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blended learning

How one district built a better blended learning program

An increasingly common learning model results in dramatic improvements in a Tennessee district

Blended learning is rapidly becoming a core part of schools’ educational approach, partly because the model suits so many educational needs–credit recovery, dual enrollment, and access to advanced courses not always offered in brick-and-mortar schools.

To help connect educators with blended learning schools and districts, the Clayton Christensen Institute (CCI) curates the Blended Learning Universe, an online hub and directory offering resources about blended learning basics, research, and examples of different implementations.

CCI previously only awarded a Blended Learning Universe distinction to individual schools, but expanded it to districts that model how a school’s blended learning pilot can be brought to scale.

Within CCI’s Blended Learning Universe hub, district administrators also can connect and collaborate with others to learn more about bringing a blended learning pilot to scale.

Tennessee’s rural Putnam County School System was among the first to receive a district-level Blended Learning Universe designation.

What is now a district-wide blended learning initiative began as an online credit-recovery program in 2008, said Sam Brooks, the district’s personal learning coordinator.

Next page: How the district implemented a model for online instruction

Putnam County’s Virtual Instruction to Accentuate Learning (VITAL) program serves as the district’s core online instruction and personalized learning program. VITAL is used for dual enrollment, credit recovery, blended learning and distance learning for students in grades 6-12.

District leaders implemented the program to model personalized learning throughout schools. A personalized learning task force of 32 people gathers regularly to evaluate the district’s personalized learning goals and ensure its structure mirrors the state-level personalized learning structure.

As a result, Brooks said Putnam County has seen a 50 percent decrease in disciplinary problems, as well as a 50 percent decrease in the need for credit recovery as a result of using online coursework and early intervention strategies. Between 2008 and 2014, the district’s graduation rate increased from 86 percent to 92.6 percent.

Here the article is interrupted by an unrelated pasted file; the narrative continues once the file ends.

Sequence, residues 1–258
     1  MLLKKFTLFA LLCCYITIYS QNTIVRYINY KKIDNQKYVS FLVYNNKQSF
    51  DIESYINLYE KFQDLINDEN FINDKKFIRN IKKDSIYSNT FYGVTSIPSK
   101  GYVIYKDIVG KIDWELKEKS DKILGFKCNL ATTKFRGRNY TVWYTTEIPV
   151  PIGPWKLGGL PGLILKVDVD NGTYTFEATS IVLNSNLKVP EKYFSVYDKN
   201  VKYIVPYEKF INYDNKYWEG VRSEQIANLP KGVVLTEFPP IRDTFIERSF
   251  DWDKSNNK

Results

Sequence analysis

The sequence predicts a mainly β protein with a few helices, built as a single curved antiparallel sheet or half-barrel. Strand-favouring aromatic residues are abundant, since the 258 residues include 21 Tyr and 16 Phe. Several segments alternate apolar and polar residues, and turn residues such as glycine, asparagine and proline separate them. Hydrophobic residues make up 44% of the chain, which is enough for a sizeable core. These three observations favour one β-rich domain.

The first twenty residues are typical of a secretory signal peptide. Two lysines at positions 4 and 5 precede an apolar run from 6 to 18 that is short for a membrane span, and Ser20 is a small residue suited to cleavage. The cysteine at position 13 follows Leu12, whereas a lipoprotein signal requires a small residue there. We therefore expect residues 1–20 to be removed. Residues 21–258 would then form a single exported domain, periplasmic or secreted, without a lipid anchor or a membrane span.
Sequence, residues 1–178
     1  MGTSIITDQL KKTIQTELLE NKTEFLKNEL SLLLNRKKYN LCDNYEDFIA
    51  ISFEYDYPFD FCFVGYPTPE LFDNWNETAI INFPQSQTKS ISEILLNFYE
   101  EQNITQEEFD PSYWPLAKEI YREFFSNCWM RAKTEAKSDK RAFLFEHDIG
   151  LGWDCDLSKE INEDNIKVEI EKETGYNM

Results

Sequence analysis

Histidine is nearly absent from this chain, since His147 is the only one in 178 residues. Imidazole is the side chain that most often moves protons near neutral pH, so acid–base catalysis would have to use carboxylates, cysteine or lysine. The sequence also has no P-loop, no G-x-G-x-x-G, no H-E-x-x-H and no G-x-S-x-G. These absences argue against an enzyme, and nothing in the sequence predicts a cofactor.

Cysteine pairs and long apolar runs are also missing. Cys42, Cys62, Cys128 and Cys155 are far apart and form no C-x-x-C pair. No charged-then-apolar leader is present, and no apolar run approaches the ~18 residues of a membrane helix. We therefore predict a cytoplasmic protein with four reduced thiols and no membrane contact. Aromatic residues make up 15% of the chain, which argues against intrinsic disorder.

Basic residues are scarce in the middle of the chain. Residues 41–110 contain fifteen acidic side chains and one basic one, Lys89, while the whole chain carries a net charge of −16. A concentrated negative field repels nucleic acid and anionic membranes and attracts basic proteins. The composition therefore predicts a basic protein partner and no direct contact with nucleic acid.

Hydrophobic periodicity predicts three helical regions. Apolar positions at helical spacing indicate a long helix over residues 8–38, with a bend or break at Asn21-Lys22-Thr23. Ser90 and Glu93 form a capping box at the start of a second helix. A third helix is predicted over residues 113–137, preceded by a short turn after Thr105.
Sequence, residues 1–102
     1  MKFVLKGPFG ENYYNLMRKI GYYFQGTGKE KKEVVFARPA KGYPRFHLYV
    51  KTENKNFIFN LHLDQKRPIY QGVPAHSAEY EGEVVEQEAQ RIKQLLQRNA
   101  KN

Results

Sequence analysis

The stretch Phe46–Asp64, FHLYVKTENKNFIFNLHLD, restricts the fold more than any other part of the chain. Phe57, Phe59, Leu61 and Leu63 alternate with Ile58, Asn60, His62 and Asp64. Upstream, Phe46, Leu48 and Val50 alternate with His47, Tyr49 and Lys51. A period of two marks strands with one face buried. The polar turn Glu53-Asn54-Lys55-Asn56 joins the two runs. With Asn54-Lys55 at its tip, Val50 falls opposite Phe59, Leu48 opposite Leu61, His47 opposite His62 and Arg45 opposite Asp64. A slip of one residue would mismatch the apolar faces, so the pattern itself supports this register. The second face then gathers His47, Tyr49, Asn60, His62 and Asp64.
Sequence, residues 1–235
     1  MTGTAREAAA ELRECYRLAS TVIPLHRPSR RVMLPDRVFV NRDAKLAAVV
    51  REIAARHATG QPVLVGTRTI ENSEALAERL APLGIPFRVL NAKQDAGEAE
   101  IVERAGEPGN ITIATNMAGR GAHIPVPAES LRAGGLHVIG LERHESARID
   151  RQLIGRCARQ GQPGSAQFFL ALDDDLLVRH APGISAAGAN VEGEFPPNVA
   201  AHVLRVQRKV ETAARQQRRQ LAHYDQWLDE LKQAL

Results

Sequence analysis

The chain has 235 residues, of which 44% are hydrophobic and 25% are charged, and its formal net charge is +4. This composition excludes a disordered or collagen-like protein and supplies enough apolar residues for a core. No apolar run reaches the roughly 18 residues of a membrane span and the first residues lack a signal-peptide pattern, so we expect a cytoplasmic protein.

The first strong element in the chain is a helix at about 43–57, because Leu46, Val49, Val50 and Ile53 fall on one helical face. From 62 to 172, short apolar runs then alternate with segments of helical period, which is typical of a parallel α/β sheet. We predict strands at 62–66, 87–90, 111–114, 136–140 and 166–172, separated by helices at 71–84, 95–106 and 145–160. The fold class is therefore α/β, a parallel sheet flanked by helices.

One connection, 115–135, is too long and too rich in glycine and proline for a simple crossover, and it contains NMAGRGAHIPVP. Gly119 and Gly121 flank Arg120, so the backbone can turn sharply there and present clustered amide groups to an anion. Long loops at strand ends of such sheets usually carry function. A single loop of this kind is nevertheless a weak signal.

VITAL supports students as young as sixth grade if they want to take high school courses, and many dual enrollment students graduate high school with a diploma and an associate degree.

Blended learning is able to expand across districts in part because the technology to support it has improved, and also because educators see opportunities for different student populations to truly benefit from a blended model.

As technology prices dropped in the years after the VITAL program was established, district leaders took the opportunity to purchase more classroom devices and expand the district’s personalized learning offerings.

In just the last three years, 59 school districts have arranged visits to Putnam to learn more about the VITAL program.

“[Those visits] spawned partnership with other districts,” Brooks said. “Anytime we bring someone in to visit, we end up learning something, too.”

Brooks said the district works hard to help students who may not be headed to a four-year college or university after graduation.

“We were doing some great things to help kids who were going to college, but I didn’t feel like we were doing a lot for the skills-based kids,” he said. “In the last couple of years we’ve tried to promote CTE options for students.”

That includes connecting students with opportunities for industry education and training and the chance to earn industry certifications.

“We’re promoting students who are college- and career-ready. That’s our goal,” Brooks said.

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